The board of zoning appeals had jurisdiction on the questions presented to it in regard to nonconforming use, and the main question presented on this appeal is this: Would said board's decision be final when defendants failed to meet the statutory requirements in regard to the right to appeal?
CL 1948, § 125.590 (Stat Ann 1949 Rev § 5.2940) establishes clearly and without doubt defendants' right to seek relief from the adverse decision of the board of zoning appeals, with the following provision:
"Any party aggrieved by any order, determination or decision of any officer, agency, board, commission, board of appeals, or the legislative body of any city or village, made pursuant to the provisions of section 3a of this act may obtain a review thereof both on the facts and the law, in the circuit court for the county wherein the property involved or some part thereof, is situated: Provided, That application is made to the court within 30 days after delivery of a copy of such order, determination or decision."
The only answer of the chancellor to plaintiffs' challenge as to his right to take testimony in regard to nonconforming use is as follows:
"Plaintiffs contend that item number 3 above constitutes a determination by the board of zoning appeals adverse to defendants' claim of a nonconforming use, and being unappealed from, is binding upon this court. The board does not so state in this finding but speaks instead of `vested right' without defining this concept. However to give it plaintiffs' construction, it constitutes a decision only that there was no prior nonconforming use as to all the lots, considered as an entity, as set forth in the application. There is nothing in the decision of the board to indicate that there might not have been a nonconforming use as to 1 or more of the lots for which the permit was sought. The court therefore finds that the decision of the board of zoning appeals does not preclude it from finding the existence of a prior non-conforming use as to lot 6."
The writer of this opinion is not impressed with the chancellor's answer to the challenge of his rights of jurisdiction, as presented by plaintiffs.
The legislature gave to the circuit court not only jurisdiction to enjoin the violation of a zoning ordinance, but a mandate that such violation should be abated, as is disclosed in the provision of PA 1921, No 207, § 7 (CL 1948, § 125.587 [Stat Ann 1949 Rev § 5.2937]), which provides:
"Buildings erected, altered, razed or converted, or uses carried on in violation of any provision of local ordinances or regulations made under the authority of this act are hereby declared to be a nuisance per se. The court shall order such nuisance abated."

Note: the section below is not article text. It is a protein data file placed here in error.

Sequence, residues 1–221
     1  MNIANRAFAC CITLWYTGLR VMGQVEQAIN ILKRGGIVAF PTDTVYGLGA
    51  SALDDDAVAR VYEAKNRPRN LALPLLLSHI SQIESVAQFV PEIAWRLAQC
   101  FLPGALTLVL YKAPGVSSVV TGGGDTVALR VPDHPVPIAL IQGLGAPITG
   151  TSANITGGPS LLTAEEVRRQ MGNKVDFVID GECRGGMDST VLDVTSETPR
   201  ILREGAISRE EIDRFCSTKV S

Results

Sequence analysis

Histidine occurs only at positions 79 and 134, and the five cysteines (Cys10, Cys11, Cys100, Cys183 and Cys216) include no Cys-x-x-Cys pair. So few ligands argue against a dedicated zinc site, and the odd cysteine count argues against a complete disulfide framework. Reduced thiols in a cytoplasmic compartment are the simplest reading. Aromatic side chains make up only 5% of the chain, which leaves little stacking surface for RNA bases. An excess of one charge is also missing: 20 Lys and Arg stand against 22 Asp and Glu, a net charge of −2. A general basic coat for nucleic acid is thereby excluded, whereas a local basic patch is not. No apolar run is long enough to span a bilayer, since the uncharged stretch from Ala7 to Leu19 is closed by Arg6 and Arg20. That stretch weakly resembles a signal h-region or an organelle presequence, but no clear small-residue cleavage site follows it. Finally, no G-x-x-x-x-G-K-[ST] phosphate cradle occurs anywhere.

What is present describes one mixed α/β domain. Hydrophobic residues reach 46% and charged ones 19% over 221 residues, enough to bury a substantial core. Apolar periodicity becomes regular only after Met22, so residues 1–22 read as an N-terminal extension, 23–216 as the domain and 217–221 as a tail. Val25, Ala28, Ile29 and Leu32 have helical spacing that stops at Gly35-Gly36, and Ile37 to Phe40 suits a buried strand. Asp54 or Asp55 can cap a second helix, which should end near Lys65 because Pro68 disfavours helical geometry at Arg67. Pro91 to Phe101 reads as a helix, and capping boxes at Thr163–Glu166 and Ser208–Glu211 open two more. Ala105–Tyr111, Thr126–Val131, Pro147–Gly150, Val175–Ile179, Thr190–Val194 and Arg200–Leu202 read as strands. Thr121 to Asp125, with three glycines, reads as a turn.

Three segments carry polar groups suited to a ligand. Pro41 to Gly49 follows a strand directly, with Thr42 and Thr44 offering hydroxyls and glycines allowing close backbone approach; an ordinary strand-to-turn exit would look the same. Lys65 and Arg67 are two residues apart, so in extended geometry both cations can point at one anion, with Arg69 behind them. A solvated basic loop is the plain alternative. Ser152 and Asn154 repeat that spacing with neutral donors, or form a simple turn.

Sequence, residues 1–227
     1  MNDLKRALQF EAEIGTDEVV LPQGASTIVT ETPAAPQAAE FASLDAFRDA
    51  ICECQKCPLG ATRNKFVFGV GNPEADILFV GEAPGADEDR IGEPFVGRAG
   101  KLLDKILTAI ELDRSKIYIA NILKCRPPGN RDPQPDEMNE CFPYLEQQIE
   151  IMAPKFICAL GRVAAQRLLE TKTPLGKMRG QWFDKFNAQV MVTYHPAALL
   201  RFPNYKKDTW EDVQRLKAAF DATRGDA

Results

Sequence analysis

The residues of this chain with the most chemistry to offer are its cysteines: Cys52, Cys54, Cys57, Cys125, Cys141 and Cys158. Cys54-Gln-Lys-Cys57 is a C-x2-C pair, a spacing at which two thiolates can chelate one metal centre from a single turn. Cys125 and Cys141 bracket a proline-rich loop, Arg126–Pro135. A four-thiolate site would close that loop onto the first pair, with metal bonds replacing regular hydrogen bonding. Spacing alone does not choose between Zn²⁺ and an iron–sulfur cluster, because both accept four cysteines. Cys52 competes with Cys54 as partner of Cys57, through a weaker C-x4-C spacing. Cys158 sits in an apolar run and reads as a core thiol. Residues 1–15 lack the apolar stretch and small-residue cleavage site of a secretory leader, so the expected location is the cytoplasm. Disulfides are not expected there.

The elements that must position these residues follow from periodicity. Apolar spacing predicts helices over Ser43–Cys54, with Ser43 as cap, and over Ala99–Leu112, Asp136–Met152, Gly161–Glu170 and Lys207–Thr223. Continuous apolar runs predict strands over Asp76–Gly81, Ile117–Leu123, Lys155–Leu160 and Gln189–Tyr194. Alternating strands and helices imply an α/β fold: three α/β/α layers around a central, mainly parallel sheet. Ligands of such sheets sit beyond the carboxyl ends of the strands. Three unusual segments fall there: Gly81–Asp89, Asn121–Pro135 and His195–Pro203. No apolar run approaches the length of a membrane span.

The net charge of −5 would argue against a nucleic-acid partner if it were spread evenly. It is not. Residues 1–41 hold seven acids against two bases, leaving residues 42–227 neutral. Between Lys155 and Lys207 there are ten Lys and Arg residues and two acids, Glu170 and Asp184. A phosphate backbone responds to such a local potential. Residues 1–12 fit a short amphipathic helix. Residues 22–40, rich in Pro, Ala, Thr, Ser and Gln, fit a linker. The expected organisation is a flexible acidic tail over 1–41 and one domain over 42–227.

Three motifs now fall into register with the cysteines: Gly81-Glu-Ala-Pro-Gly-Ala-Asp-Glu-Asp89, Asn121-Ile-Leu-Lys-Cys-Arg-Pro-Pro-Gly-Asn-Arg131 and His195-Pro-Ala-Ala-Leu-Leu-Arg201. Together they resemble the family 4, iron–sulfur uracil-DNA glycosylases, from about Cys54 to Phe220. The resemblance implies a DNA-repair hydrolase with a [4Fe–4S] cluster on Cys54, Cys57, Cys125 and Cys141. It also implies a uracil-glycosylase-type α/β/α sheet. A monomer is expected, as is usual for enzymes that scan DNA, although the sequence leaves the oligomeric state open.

This Court in Portage Township v. Full Salvation Union, 318 Mich. 693, 705, commented upon the ability of a court of equity to give speedy remedy where a violation of a zoning ordinance was involved by stating:
"`The ground of this jurisdiction in cases of purpresture, as well as of public nuisances, is the ability of courts of equity to give a more speedy, effectual, and permanent remedy, than can be had at law. They cannot only prevent nuisances that are threatened, and before irreparable mischief ensues, but arrest or abate those in progress, and, by perpetual injunction, protect the public against them in the future.'"
A court of equity does not function to destroy well-established principles of law. Those who sit in judgment in equity must resist every impulse to avoid or set aside clear mandates of law as established by the legislature. The question (in the present case) as to whether the legislature used good judgment in restricting a defendant's right to appeal to a period within 30 days was not a question for the chancellor to decide. The legislature so provided. Defendants failed to appeal within the statutory limitation of time and the chancellor erred in admitting proofs on the question of nonconforming use. Plaintiffs are entitled to an injunction restraining defendants from using any of the land described in the bill of complaint for purposes other than that provided in an R1 zone district.
Decree should be reversed. Costs to plaintiffs and appellants.
DETHMERS, C.J., and SHARPE and CARR, JJ., concurred with KELLY, J.
For good reason stemming from constitutional protection against the taking of property and property rights without payment of just compensation, Detroit's presently advanced zoning ordinance, by section 3.3(b) thereof provides:
Mr. Justice KELLY has assumed, erroneously we believe, that section 3.3(a) of the ordinance, pertaining to nonconforming buildings or structures distinguished from uses, is the provision to which defendants address their claimed rights.